Academics Afield Aims to Diversify Hunting Community with College Students

Students from North Carolina State University participate in NCWF's Academics Afield program.
Students from North Carolina State University participate in NCWF's Academics Afield program.

Hunting plays an integral role in wildlife conservation by connecting people with nature and their food source, providing an ecological balance and supporting state wildlife funding through license and gear sales. But a decline in the number of hunters shows the importance of expanding the sport to a younger, more diverse and conservation-minded community: College students. 

Academics Afield aims to diversify the hunting community by introducing nontraditional NC State students to hunting and shooting sports. Participating students have no previous hunting or shooting sports experience or a support network to help them get started or learn and maintain skills. 

In partnership with North Carolina Wildlife Federation, North Carolina State University, North Carolina Wildlife Resources Commission, Wake County Wildlife Club, and other conservation groups, the program expands on recruitment, retention and reactivation (R3) efforts to ensure a sustainable funding stream for future wildlife management. 

“Younger generations value conservation and want to hunt for ethical, altruistic and consumptive reasons, but there is more demand than opportunities for them to do so,” said Dr. Liz Rutledge, NCWF’s director of wildlife resources. “Academics Afield and R3 help bridge that gap through social connections, educational workshops, archery and firearm skill-building, mentorship and out in the field experiences.”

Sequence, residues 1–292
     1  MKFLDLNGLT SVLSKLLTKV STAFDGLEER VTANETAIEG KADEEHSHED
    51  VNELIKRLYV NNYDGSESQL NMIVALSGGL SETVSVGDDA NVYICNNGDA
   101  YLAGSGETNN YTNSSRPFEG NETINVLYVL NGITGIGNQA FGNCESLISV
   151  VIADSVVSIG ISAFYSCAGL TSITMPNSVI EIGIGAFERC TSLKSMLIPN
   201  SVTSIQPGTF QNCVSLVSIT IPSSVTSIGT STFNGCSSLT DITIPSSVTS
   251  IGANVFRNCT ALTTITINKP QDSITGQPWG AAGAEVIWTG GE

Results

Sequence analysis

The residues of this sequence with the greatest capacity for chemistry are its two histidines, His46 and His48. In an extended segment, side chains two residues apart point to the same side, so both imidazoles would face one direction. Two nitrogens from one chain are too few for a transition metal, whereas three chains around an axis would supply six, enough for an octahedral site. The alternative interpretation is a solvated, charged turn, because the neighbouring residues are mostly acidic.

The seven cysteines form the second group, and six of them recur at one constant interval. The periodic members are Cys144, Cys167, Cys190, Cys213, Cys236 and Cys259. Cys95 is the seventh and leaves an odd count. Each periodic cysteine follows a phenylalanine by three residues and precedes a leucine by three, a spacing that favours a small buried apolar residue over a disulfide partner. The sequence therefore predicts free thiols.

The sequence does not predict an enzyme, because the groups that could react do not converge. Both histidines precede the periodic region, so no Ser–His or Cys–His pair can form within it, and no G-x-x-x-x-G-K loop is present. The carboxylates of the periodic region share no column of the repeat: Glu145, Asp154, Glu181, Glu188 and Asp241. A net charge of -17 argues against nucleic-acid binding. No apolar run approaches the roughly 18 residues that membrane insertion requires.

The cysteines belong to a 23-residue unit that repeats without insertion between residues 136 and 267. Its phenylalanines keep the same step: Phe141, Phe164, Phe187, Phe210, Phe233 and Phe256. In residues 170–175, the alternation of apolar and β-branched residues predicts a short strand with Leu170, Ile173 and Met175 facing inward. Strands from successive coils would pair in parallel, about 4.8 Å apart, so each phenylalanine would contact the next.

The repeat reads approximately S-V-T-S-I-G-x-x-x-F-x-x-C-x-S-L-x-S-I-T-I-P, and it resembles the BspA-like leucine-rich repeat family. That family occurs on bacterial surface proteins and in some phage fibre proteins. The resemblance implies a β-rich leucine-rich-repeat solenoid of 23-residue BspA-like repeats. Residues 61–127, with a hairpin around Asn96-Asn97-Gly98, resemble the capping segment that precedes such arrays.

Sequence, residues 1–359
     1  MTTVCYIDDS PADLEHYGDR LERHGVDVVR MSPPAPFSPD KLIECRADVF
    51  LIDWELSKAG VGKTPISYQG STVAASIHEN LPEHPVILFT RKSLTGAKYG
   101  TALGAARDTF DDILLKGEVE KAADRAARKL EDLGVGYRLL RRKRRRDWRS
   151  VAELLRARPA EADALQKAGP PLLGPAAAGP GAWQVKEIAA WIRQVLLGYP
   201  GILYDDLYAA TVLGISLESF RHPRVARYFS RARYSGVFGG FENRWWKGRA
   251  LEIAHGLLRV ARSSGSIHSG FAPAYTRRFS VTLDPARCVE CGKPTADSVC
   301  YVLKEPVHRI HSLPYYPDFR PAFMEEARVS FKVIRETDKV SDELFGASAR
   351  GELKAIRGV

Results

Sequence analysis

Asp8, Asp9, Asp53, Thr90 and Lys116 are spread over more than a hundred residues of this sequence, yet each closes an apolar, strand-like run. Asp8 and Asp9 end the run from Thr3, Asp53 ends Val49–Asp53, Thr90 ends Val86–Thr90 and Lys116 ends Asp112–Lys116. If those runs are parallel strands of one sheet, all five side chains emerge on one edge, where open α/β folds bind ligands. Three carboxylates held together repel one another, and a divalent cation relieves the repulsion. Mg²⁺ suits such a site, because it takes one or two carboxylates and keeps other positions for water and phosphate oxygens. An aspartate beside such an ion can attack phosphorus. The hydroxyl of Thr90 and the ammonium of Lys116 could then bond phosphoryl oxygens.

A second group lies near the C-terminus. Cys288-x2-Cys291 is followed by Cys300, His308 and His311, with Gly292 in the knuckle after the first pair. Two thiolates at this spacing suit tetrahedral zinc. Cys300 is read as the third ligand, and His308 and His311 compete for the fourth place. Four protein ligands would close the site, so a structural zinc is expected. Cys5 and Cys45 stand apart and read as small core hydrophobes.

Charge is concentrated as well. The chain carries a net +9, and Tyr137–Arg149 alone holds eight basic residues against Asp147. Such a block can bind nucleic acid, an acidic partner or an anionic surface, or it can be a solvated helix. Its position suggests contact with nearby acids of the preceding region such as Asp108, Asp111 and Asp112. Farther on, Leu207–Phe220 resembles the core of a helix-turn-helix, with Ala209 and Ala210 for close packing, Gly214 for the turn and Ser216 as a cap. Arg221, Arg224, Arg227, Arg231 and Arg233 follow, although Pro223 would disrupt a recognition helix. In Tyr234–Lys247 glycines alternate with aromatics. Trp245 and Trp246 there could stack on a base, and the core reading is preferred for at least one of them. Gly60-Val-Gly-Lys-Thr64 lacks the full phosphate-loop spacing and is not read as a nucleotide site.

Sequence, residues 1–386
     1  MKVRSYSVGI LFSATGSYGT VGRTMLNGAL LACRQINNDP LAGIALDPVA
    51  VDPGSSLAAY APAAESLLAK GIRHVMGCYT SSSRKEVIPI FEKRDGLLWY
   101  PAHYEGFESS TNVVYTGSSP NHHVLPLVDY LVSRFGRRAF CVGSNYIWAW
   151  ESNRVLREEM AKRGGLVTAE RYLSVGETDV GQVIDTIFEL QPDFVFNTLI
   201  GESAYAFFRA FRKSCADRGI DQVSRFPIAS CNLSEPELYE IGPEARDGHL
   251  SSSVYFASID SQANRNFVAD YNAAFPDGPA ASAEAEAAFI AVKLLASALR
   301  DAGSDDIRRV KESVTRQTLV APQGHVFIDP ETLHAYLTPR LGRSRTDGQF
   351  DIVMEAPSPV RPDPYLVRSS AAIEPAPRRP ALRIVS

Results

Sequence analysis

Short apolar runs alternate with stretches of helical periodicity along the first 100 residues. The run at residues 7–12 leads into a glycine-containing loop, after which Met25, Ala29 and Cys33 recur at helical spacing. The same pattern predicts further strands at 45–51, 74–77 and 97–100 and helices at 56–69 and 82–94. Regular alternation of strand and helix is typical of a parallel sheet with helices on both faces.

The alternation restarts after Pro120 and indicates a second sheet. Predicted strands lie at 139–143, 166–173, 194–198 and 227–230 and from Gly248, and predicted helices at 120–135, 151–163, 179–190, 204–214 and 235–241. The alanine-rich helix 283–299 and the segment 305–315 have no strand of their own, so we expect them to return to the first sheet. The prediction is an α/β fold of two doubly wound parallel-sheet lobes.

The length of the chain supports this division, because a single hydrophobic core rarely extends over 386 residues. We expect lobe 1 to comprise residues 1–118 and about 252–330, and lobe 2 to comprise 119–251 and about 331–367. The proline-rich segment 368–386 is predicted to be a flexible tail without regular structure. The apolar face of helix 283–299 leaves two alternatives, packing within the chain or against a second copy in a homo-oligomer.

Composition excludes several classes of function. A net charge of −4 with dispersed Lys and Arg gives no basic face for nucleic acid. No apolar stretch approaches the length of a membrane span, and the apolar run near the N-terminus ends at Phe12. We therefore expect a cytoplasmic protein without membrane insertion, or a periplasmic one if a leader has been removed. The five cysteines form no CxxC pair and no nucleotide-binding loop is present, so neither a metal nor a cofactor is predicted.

During NCWF’s recent annual meeting, Program Coordinator Rich von Furstenberg discussed the cultural relevance of hunting, why the decline of hunting matters for wildlife conservation and how the Academics Afield program helps address the challenge.  

Students head outside for hands-on hunting experience 

Recently, students learned about dove biology and management and spent a day at a shooting range observing simulated dove flights and learning ethical shooting practices. That training and education culminated in their first-ever dove hunt held the following weekend. 

Upcoming educational programming includes deer biology, conservation and management, followed by a range safety demonstration and deer hunt.

“The students identified doves in flight, learned about wildlife management on game lands, and participated in firearm safety and cleaning demonstrations,” Rutledge said. “They said the hands-on hunting experience humbled them and that being in nature was a welcomed break from the stresses of school and the pandemic.”

Learn more about Academics Afield, the future of wildlife conservation through hunting and angling, and other ways NCWF provides opportunities to get more people outside.



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